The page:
The last two days have been filled with rearranging/cleaning/bleaching my dad’s apartment, seeing friends, experiencing my small hometown’s public transportation, and walking to the Dollar Tree to buy more utensils for my dad’s kitchen.

It’s actually quite fun to help buy stuff for someone else’s kitchen (using someone else’s money). I’ll probably be over the moon when it’s time to get stuff for my own kitchen (though I am much less enthusiastic about the spending my own money part). But seriously, setting up a house is so much fun. And the dollar store is actually the best thing that was ever created for said homemaking. For example, why would you go to a regular store (even Walmart, the cheapville of them all), when you can get that same vase/oil dispenser/wine glass/measuring cup set for a fraction of the cost at the dollar store? One buck for everything? Yes please.

Then, of course, came the adventure of walking home with my loot. See, Dad’s not-so-trusty, ancient-beyond-belief station wagon finally bit the dust not long ago, and as such, I am without a car. Which means walking long distances to get places (ten blocks to the grocery store — uphill both ways in snow and ice) or taking the bus.

Oh, the bus. See, in small-town Montana, not very many people take the bus. I haven’t been on a bus with more than four people at a time. The city is too spread out, and the public transportation too sparse, to make it very convenient to not have a car. So most people have cars. And no one rides the bus.

Except me.

Five quarters will take me anywhere I want to go — as long as there’s a bus station nearby, of course.

It’s very interesting to see your hometown, the place where you’ve grown up and spent 13+ years, from the back of a bus. Just sitting there, bumping along. It’s a different feeling, though it’s hard to describe. And I kinda enjoy it. I don’t particularly enjoy being limited in mobility or anything, but it’s a new adventure to attack Billings by bus. It gives me a new challenge during my week or so here.

That and keeping my balance on all this ice. I shall consider it an immense accomplishment if I manage to stay on my feet and off my butt while walking around out here.

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Filed under Family, Montana

Merry Christmas!

I hope everyone had a wonderful Christmas full of joy, love and family.

Mine had a healthy dose of wonder as well. Baby Isabella’s first Christmas was a thing to behold. Pictures and stories to follow.

May peace be in your heart,

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Filed under Nothing in Particular

Today I went to Egypt . . .

… and England, Monaco, and New York City.

It was a busy day.

Evangelina had a hair appointment in one of the hotels on the Strip (Who still cuts hair on Christmas Eve?), so Stan, Dad and I went with her and walked around for a few hours while she got a cut/color.

I guess midday on the Strip is for families. They were everywhere. I was amazed at how many people 1) spend Christmas in Las Vegas, and 2) take their kids with them when they come.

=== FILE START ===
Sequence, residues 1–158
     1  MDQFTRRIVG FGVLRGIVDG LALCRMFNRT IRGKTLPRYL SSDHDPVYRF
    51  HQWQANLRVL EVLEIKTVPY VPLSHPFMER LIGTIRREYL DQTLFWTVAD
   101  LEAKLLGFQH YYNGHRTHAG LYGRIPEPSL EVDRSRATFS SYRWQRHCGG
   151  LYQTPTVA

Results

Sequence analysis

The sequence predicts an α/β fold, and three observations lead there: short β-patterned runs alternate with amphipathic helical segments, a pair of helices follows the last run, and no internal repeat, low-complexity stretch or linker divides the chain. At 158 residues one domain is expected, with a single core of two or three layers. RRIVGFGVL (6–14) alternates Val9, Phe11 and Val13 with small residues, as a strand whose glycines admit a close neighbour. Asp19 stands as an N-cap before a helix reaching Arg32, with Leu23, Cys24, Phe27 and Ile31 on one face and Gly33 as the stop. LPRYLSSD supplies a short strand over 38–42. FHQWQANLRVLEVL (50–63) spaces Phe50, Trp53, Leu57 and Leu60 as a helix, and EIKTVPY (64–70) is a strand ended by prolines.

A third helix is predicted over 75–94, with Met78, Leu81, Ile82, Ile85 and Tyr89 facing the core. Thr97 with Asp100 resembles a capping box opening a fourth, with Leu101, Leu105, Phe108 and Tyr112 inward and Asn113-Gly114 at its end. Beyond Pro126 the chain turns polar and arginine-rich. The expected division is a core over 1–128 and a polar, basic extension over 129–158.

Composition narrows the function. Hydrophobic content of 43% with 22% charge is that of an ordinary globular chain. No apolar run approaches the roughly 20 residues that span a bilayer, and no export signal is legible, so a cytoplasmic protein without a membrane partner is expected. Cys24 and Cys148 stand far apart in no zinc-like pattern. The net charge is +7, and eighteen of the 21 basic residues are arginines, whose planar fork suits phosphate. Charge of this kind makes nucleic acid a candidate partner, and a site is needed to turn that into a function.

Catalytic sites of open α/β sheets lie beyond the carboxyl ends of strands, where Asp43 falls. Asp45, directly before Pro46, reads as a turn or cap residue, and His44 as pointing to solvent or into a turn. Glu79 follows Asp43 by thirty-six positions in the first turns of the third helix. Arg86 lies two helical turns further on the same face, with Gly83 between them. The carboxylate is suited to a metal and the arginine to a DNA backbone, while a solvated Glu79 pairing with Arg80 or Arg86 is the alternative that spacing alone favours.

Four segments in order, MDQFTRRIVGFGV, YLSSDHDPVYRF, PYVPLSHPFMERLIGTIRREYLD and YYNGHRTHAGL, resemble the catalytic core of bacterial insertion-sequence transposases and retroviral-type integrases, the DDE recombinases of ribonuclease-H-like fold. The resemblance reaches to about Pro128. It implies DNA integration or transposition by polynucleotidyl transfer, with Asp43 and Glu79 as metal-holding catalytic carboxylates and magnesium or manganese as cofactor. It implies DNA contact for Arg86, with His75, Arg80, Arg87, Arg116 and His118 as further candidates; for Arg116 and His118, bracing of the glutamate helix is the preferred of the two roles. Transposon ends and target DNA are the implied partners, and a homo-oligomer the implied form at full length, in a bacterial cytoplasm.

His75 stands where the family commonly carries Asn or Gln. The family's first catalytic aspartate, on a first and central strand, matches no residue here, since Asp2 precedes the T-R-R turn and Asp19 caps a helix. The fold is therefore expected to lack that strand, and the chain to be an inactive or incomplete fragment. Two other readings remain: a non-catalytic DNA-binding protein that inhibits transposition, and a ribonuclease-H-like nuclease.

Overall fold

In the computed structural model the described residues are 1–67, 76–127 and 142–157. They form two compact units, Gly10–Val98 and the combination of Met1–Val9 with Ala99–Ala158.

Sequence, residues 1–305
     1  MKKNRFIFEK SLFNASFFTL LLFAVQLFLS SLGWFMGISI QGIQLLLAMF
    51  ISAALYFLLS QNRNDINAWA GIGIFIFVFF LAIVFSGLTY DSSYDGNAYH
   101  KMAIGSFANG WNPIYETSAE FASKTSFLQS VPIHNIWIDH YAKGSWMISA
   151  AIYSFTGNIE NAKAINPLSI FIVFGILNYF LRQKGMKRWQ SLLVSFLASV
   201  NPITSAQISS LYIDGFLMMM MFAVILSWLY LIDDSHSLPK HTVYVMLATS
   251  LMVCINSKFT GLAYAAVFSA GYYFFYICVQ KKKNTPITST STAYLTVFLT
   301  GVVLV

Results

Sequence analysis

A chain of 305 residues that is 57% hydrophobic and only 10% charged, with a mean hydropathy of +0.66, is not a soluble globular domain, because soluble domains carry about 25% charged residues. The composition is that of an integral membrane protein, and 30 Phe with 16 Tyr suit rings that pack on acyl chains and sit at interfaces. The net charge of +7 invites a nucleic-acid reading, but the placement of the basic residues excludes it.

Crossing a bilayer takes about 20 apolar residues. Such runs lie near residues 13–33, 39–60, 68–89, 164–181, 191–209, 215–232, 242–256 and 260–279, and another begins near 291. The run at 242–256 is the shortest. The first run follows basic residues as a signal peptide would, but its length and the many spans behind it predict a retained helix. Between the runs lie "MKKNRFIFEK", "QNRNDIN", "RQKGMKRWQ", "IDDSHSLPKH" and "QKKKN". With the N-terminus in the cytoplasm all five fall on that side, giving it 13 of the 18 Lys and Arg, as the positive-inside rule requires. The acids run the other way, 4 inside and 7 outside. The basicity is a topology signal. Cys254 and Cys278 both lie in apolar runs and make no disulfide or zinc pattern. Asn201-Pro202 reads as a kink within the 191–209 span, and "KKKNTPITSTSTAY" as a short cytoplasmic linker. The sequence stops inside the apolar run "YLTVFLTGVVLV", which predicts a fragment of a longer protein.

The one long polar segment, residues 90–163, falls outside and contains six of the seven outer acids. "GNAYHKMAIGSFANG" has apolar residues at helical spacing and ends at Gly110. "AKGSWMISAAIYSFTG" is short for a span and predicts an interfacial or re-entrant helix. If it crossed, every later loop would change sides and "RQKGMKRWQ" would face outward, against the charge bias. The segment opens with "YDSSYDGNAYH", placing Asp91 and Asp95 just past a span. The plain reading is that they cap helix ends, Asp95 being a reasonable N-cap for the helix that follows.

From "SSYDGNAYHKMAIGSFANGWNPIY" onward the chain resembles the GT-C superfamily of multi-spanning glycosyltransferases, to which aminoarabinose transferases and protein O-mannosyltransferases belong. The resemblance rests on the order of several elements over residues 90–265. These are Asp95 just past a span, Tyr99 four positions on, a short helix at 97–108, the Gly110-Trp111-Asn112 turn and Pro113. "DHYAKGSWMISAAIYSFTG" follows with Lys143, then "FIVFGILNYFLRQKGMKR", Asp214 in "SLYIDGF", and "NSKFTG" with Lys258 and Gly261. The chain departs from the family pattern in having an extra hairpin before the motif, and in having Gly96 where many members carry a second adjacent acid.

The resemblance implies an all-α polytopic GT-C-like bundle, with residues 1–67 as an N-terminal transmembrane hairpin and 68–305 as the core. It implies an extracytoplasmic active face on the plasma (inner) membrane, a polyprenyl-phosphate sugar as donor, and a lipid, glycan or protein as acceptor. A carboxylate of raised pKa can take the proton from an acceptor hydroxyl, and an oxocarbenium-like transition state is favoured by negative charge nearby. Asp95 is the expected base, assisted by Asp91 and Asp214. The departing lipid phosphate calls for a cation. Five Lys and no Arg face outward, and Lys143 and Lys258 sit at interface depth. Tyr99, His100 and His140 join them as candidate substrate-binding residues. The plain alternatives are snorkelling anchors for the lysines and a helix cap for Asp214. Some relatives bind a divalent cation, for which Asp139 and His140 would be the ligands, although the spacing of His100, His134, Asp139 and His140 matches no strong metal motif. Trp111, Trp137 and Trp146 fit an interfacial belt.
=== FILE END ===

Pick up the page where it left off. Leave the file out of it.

Vegas isn’t really a place for kids. Sure, they have some magician shows and the Excalibur hotel (think mideival castles and real jousting tournaments). But there are more pictures of half-naked women here than in a Maxim magazine, and probably just as raunchy.

The Excalibur

While wandering, we walked through the Luxor, which is a giant glass pyramid and has a little Sphinx inside. Then we walked across a skybridge (all those big hotels are connected) to the Excalibur hotel. Then we went on to New York New York — which is probably my all-time favorite hotel on the strip.

That’s because inside, they have a food area that is made up entirely of “miniature” NYC buildings that stand about one and a half stories tall. The first floor is to scale, holding restaurants and little cafes. Then, above that first floor, they’ve miniaturized the buildings and squeezed in another two or three “stories.” It’s adorable.


Found me that NYC townhouse!

Also, New York New York has a roller coaster. A big red roller coaster that winds around the outside of the building so you can see the Strip from an entirely new perspective. Stan and I rode the coaster on the way back — rather pricey, but oh so much fun!!!

Then we walked through the Monte Carlo (which is actually a huge hotel in Monaco — lots of my friends took a day trip over there while we were at Cannes) and then on to the CityCenter, which is apparently this huge new hotel with the best shopping and gorgeous paintings lining the halls (which the concierge at New York New York said was better than paying to walk through some gallery.

Near one of the entrances to the Monte Carlo.


After walking all the way down to the CityCenter (which was probably at least five super long NYC blocks), we took the free trams all the way back down to the Luxor, where Evangelina was getting her hair done.

We had some time to spare before she was done, so the three of us got fluffy Christmas drinks at Starbucks and sat around chatting (which included, on my part, a complete recount of the plot of Casablanca in an attempt to convince the boys that it was more than just another old black and white movie). Let me just say that while Christmas drinks at Starbucks (with their red holiday cups) already fill me with a special joy every year, they really come through after a few hours of walking around gaudy, expensive hotels. Gingerbread spice never tasted so delicious.

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Filed under Family